OT: How to measure 900F...?

Howdy,
I need to calibrate the self-cleaning temperature of my oven.
It wants to be about 900F.
I can get expensive thermometers that will measure in that range but this is a one time thing.
Next, I thought of pyrometric cones (that deform at specified temperatures) but I can't find anything in that temperature range as they are typically used in kilns and such at higher temperatures.
Can you think of a way I could measure the 900F temperature that is reasonably accurate, but of modest cost?
Many thanks,
--
Kenneth

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Kenneth wrote:

Hi !!!

Nice.
Hot !!!

How about a multi-meter that takes a thermocouple? http://www.electronickits.com/gold/dt5808.htm
That cheepie one is $30 and includes the thermocouple.
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David Nebenzahl wrote:

Just stick the T/C in and close the oven door leaving a couple of inches of leed hanging out to attach the multimeter. The oven door isn't so tight as to impede the reading or damage the leed.
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On Sat, 21 Mar 2009 14:33:02 -0800, David Nebenzahl

Hi again,
Another good suggestion...
If the probe is connected to the meter with a reasonably thin wire, it could work.
I could easily close the door on a thin wire. I often do that to measure temperatures in the cooking range.
All the best,
--
Kenneth

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Why calibrate? Does it work? If so, just turn the switches to clean and let it rip. Fromt he factory it is close enough that it should never need to be changed. It is not going to matter if the temperature is off 25 or 50 degrees either way. Everything in there wil go to soot ad different temperatures anyway.
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I thought those things were supposed to lock closed, during the self clean feature, so you can't use an IR thermometer. You could use a wireless remote pyrogenic blast furnace thermometer, but they tend to be expensive.
--
Christopher A. Young
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http://www.thermalpaint.com/products_crayons.html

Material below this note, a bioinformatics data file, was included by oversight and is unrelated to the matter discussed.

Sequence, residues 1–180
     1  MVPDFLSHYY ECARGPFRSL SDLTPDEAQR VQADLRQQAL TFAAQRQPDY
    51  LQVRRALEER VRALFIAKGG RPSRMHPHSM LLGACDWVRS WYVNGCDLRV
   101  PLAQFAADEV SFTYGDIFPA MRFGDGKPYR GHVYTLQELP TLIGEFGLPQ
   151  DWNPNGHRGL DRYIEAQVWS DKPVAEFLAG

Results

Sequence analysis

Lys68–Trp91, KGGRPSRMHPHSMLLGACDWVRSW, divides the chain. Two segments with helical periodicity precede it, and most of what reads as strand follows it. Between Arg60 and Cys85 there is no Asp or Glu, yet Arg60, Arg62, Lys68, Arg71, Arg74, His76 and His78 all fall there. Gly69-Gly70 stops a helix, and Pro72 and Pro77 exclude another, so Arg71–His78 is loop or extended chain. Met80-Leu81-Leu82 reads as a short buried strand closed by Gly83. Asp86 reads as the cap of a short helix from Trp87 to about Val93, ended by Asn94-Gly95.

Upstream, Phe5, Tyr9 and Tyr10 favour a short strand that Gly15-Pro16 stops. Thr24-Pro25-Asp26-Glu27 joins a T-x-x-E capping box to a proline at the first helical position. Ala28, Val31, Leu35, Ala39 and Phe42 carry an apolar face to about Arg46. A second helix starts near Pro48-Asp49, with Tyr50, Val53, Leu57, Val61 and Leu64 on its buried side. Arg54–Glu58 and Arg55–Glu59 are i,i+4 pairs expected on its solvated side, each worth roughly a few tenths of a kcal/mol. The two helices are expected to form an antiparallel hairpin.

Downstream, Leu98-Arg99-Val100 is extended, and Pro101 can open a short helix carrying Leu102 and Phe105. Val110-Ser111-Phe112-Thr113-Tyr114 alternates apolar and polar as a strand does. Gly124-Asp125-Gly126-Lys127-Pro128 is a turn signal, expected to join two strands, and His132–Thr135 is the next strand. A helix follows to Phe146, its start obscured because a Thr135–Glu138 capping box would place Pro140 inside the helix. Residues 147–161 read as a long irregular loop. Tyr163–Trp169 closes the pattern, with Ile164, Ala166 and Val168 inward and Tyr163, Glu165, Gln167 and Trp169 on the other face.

Use a thermal paint crayon that changes color, mark the inside glass with one above and below the target temp.
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On Sat, 21 Mar 2009 16:50:13 -0400, Jeff Wisnia

Hi Jeff,
I thank you for your suggestion, but those are the pyrometric cones that I mentioned. They (at least those I can find) work only at higher temperatures than I need to measure.
All the best,
--
Kenneth

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On Sat, 21 Mar 2009 14:17:09 -0700 (PDT), bob haller

Hi again,
The optical pyrometer approach won't work because (it's my understanding that) they can't read "through" glass and I can't open the door of the oven while it is in self-clean mode.
All the best,
--
Kenneth

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wrote:

They can read through glass.
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On Sat, 21 Mar 2009 14:14:13 -0700 (PDT), ransley

Hi again,
That's why you gotta love Usenet...
All the best,
--
Kenneth

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Yeah, right!
I'd go with the thermocouple and wager you $10 that you'll find it quite useful over a period of years.
Look at this as an opportunity to acquire a flexible and really quite useful new tool ;-)
--
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